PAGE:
Each and every U.S citizen uses many times the energy needed, this causes a great imbalance within our ecosystems. Provided a SHTF scenario does at some point happen this gives the opportunity to make a change. Will you have enough knowleadge to make a change or will you go right back to destroying your own environment.

I have spent thousands of hours educating myself on this one point alone, I understand the math and numbers well, the practical end of it seems a bit more illusive. Where do you draw the line how much is acceptable, do we need to live as cave men or is certain degree of technology a good thing for the environment around us.

This article very well states the position we are in, it does nothing for an answer... I want to know the answer... My mind is good at figuring things out, but I have my specific perpective, I need the perspective of others to temper and modify my own perspective. If you could put in some intelligent comment relating to this great. Dissing on vegetarians, which the article was "not" about makes no sense.
 

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The whole point was basically that when we moved as a species from hunter gatherer to "Farming" we started this process of destroying our own eco system.
Man has "altered" the ecosystem from the earliest days of farming. So has natural disasters, extinctions, Ice Ages,etc.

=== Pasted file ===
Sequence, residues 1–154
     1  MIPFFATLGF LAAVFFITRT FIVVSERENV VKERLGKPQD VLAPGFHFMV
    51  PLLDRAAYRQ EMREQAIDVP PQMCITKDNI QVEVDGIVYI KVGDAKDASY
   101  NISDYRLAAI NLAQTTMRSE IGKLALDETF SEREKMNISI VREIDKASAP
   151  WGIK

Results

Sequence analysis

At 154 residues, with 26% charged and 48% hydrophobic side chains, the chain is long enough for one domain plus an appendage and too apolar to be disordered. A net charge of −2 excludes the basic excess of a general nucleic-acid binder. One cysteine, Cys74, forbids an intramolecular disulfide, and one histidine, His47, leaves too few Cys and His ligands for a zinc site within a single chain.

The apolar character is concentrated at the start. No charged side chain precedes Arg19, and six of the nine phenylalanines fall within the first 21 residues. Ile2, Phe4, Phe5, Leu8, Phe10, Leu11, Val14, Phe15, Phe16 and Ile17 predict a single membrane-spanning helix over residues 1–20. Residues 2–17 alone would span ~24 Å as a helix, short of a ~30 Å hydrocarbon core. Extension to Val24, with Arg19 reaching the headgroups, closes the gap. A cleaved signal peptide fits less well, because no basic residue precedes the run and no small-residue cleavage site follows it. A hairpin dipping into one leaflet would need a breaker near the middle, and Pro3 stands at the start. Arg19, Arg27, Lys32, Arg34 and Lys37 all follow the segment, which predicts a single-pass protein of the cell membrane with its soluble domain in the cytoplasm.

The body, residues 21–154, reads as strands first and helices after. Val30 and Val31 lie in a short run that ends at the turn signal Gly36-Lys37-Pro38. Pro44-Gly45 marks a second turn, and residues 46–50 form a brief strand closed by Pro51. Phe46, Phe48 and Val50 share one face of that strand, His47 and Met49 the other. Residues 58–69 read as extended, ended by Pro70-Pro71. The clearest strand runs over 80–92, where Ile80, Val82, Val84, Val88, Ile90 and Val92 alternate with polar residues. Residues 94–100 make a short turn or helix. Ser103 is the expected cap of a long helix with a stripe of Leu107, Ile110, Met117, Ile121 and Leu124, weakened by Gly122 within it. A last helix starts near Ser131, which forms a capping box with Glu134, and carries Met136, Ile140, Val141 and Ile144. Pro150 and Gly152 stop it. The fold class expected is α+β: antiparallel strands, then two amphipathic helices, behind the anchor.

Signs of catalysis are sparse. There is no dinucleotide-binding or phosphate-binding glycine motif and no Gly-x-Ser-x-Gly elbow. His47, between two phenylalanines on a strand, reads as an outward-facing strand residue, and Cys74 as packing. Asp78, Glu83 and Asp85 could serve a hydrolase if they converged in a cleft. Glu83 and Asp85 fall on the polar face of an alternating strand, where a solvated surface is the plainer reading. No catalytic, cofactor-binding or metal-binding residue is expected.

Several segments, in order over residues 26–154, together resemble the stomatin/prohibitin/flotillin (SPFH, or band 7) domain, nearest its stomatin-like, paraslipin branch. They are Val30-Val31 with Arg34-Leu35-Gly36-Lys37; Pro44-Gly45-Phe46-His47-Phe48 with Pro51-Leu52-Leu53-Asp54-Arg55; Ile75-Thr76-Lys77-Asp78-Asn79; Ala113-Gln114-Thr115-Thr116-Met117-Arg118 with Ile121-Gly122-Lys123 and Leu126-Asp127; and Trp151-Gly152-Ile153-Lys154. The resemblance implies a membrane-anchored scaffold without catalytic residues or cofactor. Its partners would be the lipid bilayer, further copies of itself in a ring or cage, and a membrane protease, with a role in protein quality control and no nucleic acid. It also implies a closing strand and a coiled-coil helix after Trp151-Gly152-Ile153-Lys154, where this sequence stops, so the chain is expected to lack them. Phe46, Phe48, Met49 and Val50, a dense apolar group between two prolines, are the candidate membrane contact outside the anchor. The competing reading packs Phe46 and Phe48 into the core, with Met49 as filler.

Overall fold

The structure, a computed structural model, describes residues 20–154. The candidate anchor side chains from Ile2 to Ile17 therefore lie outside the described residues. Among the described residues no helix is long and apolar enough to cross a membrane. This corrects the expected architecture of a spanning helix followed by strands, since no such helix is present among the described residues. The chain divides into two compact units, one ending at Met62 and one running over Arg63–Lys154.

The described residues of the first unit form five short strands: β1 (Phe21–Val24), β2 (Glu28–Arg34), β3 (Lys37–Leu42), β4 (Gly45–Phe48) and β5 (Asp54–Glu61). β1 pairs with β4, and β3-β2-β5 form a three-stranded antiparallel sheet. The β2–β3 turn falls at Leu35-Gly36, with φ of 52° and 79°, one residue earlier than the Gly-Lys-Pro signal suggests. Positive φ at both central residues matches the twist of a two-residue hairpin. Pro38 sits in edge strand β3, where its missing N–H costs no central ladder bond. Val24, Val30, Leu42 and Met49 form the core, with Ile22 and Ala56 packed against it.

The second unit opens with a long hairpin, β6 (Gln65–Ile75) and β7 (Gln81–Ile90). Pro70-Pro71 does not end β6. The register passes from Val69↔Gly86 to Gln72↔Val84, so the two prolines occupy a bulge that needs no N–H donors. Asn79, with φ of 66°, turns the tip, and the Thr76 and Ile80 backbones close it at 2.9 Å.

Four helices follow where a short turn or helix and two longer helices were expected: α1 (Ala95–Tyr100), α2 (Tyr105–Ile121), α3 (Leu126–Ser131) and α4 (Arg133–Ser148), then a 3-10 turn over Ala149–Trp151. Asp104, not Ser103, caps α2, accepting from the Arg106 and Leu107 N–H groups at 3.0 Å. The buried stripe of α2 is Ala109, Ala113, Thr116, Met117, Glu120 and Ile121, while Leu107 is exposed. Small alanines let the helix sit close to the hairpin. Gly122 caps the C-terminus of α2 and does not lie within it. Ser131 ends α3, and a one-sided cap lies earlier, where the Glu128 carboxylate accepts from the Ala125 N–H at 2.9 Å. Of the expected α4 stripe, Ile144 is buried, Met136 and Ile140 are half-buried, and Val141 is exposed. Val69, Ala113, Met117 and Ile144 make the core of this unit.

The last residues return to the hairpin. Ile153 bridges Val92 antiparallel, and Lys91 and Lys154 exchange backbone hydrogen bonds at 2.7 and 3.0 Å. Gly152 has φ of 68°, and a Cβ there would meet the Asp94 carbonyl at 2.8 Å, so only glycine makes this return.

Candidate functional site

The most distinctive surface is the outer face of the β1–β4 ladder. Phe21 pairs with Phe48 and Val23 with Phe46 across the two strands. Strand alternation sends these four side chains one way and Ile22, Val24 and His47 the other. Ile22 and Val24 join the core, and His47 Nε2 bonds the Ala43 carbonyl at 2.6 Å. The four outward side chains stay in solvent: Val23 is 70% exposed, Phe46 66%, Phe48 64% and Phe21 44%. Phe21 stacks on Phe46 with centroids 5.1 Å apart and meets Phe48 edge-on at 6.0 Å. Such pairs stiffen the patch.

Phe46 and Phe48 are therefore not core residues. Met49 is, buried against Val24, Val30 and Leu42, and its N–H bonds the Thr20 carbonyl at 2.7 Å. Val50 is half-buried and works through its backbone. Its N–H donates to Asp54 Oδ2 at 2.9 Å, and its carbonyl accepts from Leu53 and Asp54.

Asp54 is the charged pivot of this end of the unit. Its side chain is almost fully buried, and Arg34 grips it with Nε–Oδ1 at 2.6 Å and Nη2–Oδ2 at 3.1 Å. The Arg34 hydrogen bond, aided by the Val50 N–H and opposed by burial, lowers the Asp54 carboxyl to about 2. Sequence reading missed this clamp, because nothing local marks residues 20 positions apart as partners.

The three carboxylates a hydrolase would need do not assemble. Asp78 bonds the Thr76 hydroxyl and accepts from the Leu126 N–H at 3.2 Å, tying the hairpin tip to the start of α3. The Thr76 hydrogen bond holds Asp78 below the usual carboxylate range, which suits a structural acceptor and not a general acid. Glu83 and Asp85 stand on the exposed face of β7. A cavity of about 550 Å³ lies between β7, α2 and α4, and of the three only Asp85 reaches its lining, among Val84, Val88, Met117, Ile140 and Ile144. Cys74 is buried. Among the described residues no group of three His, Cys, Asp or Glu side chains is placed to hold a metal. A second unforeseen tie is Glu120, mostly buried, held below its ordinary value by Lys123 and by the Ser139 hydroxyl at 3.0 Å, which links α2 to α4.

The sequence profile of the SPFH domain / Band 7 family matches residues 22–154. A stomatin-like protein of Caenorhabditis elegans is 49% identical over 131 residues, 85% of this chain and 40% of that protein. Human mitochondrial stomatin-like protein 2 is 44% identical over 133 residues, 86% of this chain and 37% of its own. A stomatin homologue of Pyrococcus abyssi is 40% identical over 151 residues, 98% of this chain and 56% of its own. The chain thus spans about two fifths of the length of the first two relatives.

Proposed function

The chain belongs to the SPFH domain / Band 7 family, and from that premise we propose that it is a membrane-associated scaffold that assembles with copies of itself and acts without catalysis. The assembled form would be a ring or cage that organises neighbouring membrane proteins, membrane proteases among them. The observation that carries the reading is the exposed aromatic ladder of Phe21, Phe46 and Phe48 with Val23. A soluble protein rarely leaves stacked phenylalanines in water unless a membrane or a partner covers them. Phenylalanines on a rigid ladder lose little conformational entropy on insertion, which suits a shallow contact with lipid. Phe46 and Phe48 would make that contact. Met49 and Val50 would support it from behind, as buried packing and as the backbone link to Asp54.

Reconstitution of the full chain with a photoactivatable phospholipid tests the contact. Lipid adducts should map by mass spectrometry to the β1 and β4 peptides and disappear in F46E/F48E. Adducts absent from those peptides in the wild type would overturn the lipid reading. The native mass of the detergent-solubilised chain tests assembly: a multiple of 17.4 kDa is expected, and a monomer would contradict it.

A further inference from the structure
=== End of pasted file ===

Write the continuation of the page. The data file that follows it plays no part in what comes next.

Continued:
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The next point is that we are currently using 10 calories of petroleum products to produce every 1 calorie of food. Within a limited system of energy that spells certain undeniable mathematical doom...
I would think this 10 to 1 ratio varies wildly according to geographic area and farming methods. But yes, a lot of energy and mass goes into making the crops.

I didnt see sludge accounted for anywhere in there, in essence this can be recycled fertilizer for some crops.

The market determines what can be used on crops to get them to grow. The energy is currently abundant, from a financial perspective.

Things will change, most likely slowly.
 

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Each and every U.S citizen uses many times the energy needed, this causes a great imbalance within our ecosystems.
Yep, Americans are still living the high life, some would say rightly so. We have modified our ecosystem to a artificially stabilized ecosystem.
 

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I have spent thousands of hours educating myself on this one point alone, I understand the math and numbers well, the practical end of it seems a bit more illusive. Where do you draw the line how much is acceptable, do we need to live as cave men or is certain degree of technology a good thing for the environment around us.
Supply and Demand will take care of this for us. How much are you willing to pay for your food, before you grow/raise your own.
 

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Dissing on vegetarians, which the article was "not" about makes no sense.